remaining relatively high within the first 2 years; this service
has enormous potential to identify infants at high-likelihood
of autism.
Participants
From May 2013 to July 2014, a total of 10,514 children were
monitored through 61 CHCs in six selected districts in the urban
areas in Tianjin (see star in Figure 1). In 2010, 4.3 million out
of 13 million residents lived in the six central urban districts. The
districts in this study were chosen based on proximity to facilitate
ease of referral to the diagnostic center at the TWCHC, which is
in the city center.
While all 10,514 children were monitored with the SACS-C,
only a subset (n=6,744; 64%) were also screened with the CHAT-
23. Many children in the original SACS studies (26,30) were seen
at each of the 12, 18, and 24 months checks. However, in this
pilot study, children were only monitored twice on the SACS-C
(at 12, 18 and/or 24 months) due to funding restrictions. Initially
children were monitored on the SACS-C at 12-months (n=
3,178), 18-months (n=3,757), and 24-months (n=3,579) of age.
As the SACS-C is a developmental surveillance tool administered
at different time points, the majority of the cohort (66%) initially
monitored at 12, 18, or 24 months were also monitored again by
the health practitioners 6 months later; 79% of 12-month-olds
(n=2,497), 78% of 18-month-olds (n=2,911), and 42% of 24-
month-olds (n=1,494). Children within the age limits of the
CHAT-23 at 18-months (n=3,683) and 24-months (n=3,061)
were only monitored once, given its use as a “once-off” screening
tool. The average age of all children monitored in the study was
18.70 months (SD 4.99), with the sample comprising 52% boys
and 48% girls. Detailed age, gender and assessment characteristics
are shown in Table 1.
Measures
Translation of SACS Checklists
For effective implementation in Tianjin, the SACS was translated
from English into Chinese by one of the authors (CW) and
further validated by a practitioner from the TWCHC. The
SACS-C was then back translated to English, this English
version checked by the first author (JB) and this process
was repeated twice between CW, Chinese colleagues and JB,
with modifications made to be in line with the “meaning” of
the original instrument. Authors CW and JB then evaluated
both the English and Chinese versions to ensure these were
comparable in meaning. A summary of the behaviors monitored
with the SACS-C, highlighting the “key items,” are presented in
Supplementary Table 1.
Training of Community Practitioners on SACS-C
In March 2013, 225 child health practitioners from 61
communities within the six districts in Tianjin received a 3-hour-
training workshop by the authors of the SACS (JB & CD). The
workshops focused on typical and atypical social-communicative
development, the early signs of autism, and the administration
of the SACS items. Simultaneous translation from English to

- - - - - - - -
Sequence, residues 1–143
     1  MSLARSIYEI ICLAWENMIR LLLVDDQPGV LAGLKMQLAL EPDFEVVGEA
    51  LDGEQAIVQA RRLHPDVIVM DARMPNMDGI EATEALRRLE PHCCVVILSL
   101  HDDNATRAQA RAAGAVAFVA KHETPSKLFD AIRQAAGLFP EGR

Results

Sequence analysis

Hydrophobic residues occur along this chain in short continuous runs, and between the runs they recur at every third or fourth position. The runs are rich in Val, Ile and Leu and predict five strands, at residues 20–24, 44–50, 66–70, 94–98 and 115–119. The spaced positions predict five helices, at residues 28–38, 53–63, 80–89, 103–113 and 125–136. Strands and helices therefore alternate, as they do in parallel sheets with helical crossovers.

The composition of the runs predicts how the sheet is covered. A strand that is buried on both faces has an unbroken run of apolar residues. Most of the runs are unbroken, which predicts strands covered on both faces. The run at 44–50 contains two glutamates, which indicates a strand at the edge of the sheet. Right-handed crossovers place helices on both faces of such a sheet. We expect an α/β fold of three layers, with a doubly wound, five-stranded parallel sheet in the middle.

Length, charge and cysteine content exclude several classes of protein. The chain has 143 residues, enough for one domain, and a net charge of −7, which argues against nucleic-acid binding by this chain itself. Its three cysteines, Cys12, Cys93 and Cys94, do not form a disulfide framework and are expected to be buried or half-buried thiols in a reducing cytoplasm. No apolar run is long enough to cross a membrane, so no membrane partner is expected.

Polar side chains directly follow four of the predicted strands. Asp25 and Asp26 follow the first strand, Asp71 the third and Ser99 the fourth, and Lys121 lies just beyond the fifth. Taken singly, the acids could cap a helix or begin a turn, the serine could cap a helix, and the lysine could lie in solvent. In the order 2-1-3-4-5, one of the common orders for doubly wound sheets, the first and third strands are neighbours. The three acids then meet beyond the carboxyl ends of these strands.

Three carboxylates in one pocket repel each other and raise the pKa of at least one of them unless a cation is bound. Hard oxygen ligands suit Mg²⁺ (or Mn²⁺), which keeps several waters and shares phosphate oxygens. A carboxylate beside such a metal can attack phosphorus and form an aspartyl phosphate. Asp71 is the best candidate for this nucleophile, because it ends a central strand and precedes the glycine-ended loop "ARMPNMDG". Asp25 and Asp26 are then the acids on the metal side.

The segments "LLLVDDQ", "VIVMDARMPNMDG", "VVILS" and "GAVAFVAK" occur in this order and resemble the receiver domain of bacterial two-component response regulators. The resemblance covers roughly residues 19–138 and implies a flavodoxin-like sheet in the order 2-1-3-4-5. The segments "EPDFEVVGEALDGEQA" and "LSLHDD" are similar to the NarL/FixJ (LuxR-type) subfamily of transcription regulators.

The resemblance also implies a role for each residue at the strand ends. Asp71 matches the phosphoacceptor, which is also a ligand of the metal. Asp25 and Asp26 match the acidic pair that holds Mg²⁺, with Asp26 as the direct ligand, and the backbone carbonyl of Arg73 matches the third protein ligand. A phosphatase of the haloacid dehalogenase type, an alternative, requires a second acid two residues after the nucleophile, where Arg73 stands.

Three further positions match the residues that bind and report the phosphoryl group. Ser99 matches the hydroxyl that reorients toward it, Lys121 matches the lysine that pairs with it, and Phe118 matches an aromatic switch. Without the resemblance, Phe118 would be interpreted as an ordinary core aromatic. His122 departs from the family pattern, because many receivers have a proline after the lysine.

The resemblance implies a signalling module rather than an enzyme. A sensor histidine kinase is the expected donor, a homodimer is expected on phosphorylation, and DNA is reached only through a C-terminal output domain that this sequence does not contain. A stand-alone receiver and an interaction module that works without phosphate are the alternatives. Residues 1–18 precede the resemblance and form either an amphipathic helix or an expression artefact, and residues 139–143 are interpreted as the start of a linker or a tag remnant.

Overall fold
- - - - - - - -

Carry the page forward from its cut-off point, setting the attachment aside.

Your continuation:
Mandarin was undertaken during the workshops (by CW), with
all written content also translated and then back translated by the
CW and JB.
The SACS authors (JB and CD) also observed administration
of the SACS-C with two children at each of the ages of
12, 18, and 24-months, undertaken by a number of the
trained health practitioners at TWCHC, and provided in-person
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Barbaro et al. SACS Tool in China
FIGURE 1 | The map of Tianjin, highlighting the six urban districts involved in the current study.
TABLE 1 | Demographics characteristics of children administered the SACS-C and CHAT 23.
SACS-C CHAT-23
Age (months) 12 18 24 Overall 18 24 Overall
n3,178 3,757 3,579 10,514 3,683 3,061 6,744
Age M (SD) 12.36 (0.60) 18.44 (0.70) 24.6 (1.24) 18.70 (4.99) 18.45 (0.69) 24.23 (0.33) 21.08 (2.93)
Gender
Male (%) 1,653 (30.2) 1,954 (35.7) 1,861 (34.1) 5,468 (100) (52.0) 1,915 (54.6) 1,592 (45.4) 3,507 (100) (52.0)
Female (%) 1,525 (30.2) 1,803 (35.7) 1,718 (34.1) 5,046 (100) (48.0) 1,768 (54.6) 1,469 (45.4) 3,237 (100) (48.0)
Total (%) 3,178 (30.2) 3,757 (35.7) 3, 579 (34.1) 10,514 (100) 3,683 (54.6) 3,061 (45.4) 6,744 (100) (100)
CHAT-23, Checklist for Autism in Toddlers-23; SACS-C, Social Attention and Communication Surveillance-China Tool; n, number of participants; M (SD), mean (standard deviation).
feedback on these administrations. These health practitioners
then assisted CHC practitioners in any queries relating to SACS-
C administration and scoring.
SACS-C Implementation
Following training, the SACS-C was implemented as part of
the routine health checks in the CHCs. Community health
practitioners initially undertook a physical examination of the
child, and the child was monitored on the SACS-C in the presence
of a parent/caregiver. The practitioners, who had been trained on
how each item was to be administrated at each developmental
age, recorded whether the child’s behaviors were typical or
atypical (as opposed to present or absent) on a form provided
for each child. Children were considered at “high-likelihood” for
autism if they did not engage in three of the five “key” items at
12, 18, and/or 24-months-of-age. Practitioners were instructed to
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Barbaro et al. SACS Tool in China
administer items up to a maximum of three times (e.g., calling
a child’s name). In the minority of cases where practitioners were